COVID-19 can enter the body and infect someone through the mouth, eyes or nostrils. This is why you need to wash your hands more often and avoid touching your face.
If you're handling clothes of someone who has been experiencing coronavirus symptoms, make sure you don't touch your face and be sure to wash your hands afterwards.
Also avoid shaking up any laundry too much, otherwise you could be spreading the virus through the air.
Coronaviruses are well known to be resilient, but when SARS-CoV-2 (the virus that causes COVID-19) was new, little was understood about how long it lived on different surfaces. But a recent has found that it can survive on clothes for up to two days.
So do you need to wash your clothes every time you come home from being out? Not exactly. If you have remained two meters away from other people, and haven't sat on or grazed past any surfaces, or if no one has coughed near you, then you shouldn't need to. If you do, it's a good idea to.
It's not known how long coronavirus lives on floors and shoes, and hence whether you could walk it into your home. If you are concerned about this, remove your shoes as soon as you enter your home.
The NHS lays out some exceptions that you may want to wash separately, at a higher temperature and with a bleach-based detergent - such as a biological powder for whites.
Clothes which come into contact with a lot of bodily fluids, such as sportswear, will have a great number of germs on, so could pose a greater risk.
Also avoid wearing sportswear more than once between washes.
Shared towels in your home can harbour many germs, so could quickly spread coronavirus.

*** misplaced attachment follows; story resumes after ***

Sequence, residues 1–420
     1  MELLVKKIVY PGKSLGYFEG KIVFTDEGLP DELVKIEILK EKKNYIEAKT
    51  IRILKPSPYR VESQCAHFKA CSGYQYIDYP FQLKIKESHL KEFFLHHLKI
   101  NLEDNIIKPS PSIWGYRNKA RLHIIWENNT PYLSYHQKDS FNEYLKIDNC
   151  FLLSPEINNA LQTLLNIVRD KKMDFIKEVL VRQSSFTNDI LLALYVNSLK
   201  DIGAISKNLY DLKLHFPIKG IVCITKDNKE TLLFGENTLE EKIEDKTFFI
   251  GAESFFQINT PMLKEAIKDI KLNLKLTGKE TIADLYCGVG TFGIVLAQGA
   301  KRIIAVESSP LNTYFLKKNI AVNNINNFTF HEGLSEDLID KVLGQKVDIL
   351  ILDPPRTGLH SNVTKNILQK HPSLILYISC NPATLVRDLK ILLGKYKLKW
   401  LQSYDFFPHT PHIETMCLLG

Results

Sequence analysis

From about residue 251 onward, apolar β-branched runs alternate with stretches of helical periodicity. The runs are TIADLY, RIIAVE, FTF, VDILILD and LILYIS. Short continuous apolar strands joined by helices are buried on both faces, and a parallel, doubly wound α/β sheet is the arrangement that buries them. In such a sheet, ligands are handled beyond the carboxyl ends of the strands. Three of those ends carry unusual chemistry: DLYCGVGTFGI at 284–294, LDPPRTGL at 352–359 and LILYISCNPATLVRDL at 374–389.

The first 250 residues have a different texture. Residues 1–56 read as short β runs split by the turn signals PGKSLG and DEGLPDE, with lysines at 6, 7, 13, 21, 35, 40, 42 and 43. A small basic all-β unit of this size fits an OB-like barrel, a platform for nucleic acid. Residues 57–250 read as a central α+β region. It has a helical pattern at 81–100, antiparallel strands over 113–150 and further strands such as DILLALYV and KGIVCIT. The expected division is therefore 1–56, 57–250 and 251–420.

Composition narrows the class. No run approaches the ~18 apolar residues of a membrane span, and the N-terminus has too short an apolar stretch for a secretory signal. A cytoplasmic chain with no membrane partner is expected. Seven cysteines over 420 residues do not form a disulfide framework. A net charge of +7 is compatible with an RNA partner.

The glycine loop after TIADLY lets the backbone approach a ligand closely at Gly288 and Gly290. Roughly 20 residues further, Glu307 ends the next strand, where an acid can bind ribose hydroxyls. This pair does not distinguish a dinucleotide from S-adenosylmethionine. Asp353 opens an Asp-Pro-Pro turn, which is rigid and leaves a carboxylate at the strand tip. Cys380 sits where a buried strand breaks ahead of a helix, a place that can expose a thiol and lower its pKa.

Wash shared towels often and at 60°C .
If there is someone who is self-isolating or at risk, make sure they use their own separate towel.
Any items that come into contact with vomit or faeces are a germ risk.
The most common of these will be baby clothes, which you'll need to wash separately at 60°C to avoid spreading germs to your child.
Coronavirus doesn't mean you have to worry unduly about cleaning your washing machine. Simply following the clothes washing advice above should be sufficient.
You can continue to clean your washing machine as you normally would to keep it running smoothly.
Dettol and Dr Beckmann washing machine cleaners both claim to kill 99.9% of bacteria. All washing machine cleaners should kill bacteria, though, thanks a variety of anti-bacterial ingredients, most commonly oxygen-based bleaching agents.
Don't use regular household bleach to clean your washing machine, as this can damage and erode the rubber seals inside.
If you don't have the luxury of your own washing machine, the government warns that you need to wait a further 72 hours after your seven-day isolation period has ended before going to the launderette.
You might also want to follow this guidance if you normally use a shared washing machine in a block of flats, for example.